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Santoor artiste and composer Abhay Rustum Sopori remembers the festive days of his childhood.
Deepawali is one of the most sacred festivals of Kashmir. It is the second most important Hindu festival after Shivratri.
Kashmiris are predominantly Shaive or followers of Shiva. But the Nilmat Purana, Kashmir’s religio-cultural chronicle, records the existence of a Vaishnava cult, with all its incarnations, including Lord Rama in ancient Kashmir.
Legends, epics and other source material, we find in Kashmir, are packed with age-old tradition, customs, festivals associated with Lord Rama, the incarnation of Vishnu.
The Nilmat–Purana mentions the observance of Sukhsuptika as the localised version of Deepawali in ancient Kashmir.
On this auspicious day, in addition to worshipping Lakshmi, Kashmiris light up their houses, streets and temples with clay lamps using pure mustard oil and exchange fruits and Nabat-Naut, traditional Kashmiri sweets, with their family and friends, neighbours in particular. The womenfolk wear new clothes and don traditional ornaments.
Folks rejoiced, celebrated the festival overnight, without any inhibition and prejudices or class considerations. That’s why the festival earned the name Sukhsuptika or night of rejoicing and celebrations.
The Bohra community would perform a puja in their shops.
The festival finds mention in all the popular Kashmiri Ramayanas like Prakashram’s Ramayana, Vishnupratap’s Ramayana and Vishnusharma’s Ramayana.
Many of the names of places across the entire Kashmir valley are associated with Lord Rama, Sita and Laxman and bear testimony to the popularity of Lord Rama and his saga in the valley -- like Ramkund, Sitakund and Laxmankund on the hillock of Gosaintang in Baramulla and in several villages in Anantnag district.
The Maharagipradur-Vhava says it was Lord Rama who directed Hanuman to escort Goddess Shyama, popularly known as Kheer Bhawani from Sinhla-desh or modern Sri Lanka, to Satidesha or ancient Kashmir.
Kashmiri’s worship Lord Rama and celebrate Ramnavmi and Deepawali in spite of its people being predominantly Shaiva-Shaktas.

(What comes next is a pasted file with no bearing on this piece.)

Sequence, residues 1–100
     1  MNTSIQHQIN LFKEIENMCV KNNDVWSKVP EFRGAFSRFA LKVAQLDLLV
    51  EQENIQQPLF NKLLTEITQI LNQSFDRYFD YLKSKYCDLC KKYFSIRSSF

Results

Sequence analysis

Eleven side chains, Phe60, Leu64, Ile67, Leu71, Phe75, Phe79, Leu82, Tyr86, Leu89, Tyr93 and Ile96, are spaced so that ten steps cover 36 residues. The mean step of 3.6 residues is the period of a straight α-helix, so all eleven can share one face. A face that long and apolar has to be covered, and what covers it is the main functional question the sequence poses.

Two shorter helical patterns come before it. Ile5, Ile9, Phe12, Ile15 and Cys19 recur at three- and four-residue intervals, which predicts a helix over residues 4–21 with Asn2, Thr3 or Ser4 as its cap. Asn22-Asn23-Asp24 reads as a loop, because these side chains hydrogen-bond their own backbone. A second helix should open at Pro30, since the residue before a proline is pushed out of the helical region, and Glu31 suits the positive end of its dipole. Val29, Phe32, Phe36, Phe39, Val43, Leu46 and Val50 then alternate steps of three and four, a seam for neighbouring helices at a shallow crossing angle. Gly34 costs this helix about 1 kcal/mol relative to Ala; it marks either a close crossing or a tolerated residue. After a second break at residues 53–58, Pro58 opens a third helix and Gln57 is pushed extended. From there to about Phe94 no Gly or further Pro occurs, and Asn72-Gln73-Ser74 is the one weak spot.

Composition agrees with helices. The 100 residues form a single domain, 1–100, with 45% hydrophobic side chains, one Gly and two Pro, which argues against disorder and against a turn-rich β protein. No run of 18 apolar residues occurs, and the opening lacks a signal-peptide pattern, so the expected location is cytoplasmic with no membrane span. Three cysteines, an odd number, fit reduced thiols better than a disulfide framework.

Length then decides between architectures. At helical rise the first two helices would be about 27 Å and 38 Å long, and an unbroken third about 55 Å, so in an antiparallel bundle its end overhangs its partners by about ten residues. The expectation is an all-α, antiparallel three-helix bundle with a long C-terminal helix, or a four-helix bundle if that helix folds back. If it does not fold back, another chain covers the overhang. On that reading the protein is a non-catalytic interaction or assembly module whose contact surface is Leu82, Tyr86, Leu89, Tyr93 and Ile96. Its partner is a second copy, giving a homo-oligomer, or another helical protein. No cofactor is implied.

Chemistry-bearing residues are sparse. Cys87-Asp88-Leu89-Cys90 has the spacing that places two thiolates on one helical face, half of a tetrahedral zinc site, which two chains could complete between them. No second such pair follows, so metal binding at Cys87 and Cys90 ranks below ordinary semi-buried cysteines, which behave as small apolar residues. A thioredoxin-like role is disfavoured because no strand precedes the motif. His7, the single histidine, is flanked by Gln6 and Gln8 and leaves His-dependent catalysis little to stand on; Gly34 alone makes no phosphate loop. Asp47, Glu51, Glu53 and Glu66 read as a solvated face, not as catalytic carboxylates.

Exchanging gifts was not part of the Kashmiri culture, the way it is in many other parts of the country. I do not like the idea of sharing huge, costly gifts. It seems to have gradually developed into a medium of creating influence and bias. In Kashmir people don’t play cards the way it is done outside the valley. Burning of crackers was also not part of the Kashmiri culture traditionally.
As a child I have celebrated memorable Deepawalis during the first 10 years of my life when I lived in Srinagar, Kashmir.
What a time it was!
We would all -- Hindu and Muslim friends -- come back from school, finish our homework and assemble at a ground by 5 pm or so. The next three hours would be ours and a daily nightmare for our colony (neighbourhood) folks, especially parents.
Breaking windows with brilliant but unexplainable sixes in cricket.
Cycling at fast speeds, at times banging into oncoming vehicles and landing up with bandages and bed rest for the next week or so.
Falling down while playing hide and seek, being scolded yet loved by all our neighbours. We enjoyed our childhood to the maximum.
This bond was also reflected in the religious festivals, be it Eid or Deepawali.
My family has very open-minded, secular thoughts, which are above any difference or discrimination in religion, region, caste. I didn’t even know that I was a Hindu till I was around eight, when someone asked me out of curiosity how my name and my brother’s was Rustum and Sohrab.
On Deepawali my friends would spend their entire day with us, as I would on Eid. Their inputs were of equal importance in the choice of crackers, which we all burst together. We all had equal roles even in the puja ceremony.
I remember that I would sit with my closest friend Zahoor and we would offer prayers together, while my parents, the music legend Pandit Bhajan Sopori and mother Professor Aparna Sopori, would teach us that we are one family, irrespective of which house we stay in, and that we all need to respect and love each other.
I thank them for gifting this wonderful bond to our friendship through a medium like Deepawali.
Abhay Rustum Sopori, who hails from Sopore, in Baramulla district, eastern Kashmir, is the ninth generation of a well-known family of santoor artistes who follow the Shaivite Sufi tradition. He is also a composer and conductor. Sopori composed the fusion piece Rind-e-Poshmal in just a few days and presented it jointly September 7 with his Kashmiri folk ensemble, the Bavarian State Orchestra and conductor Zubin Mehta.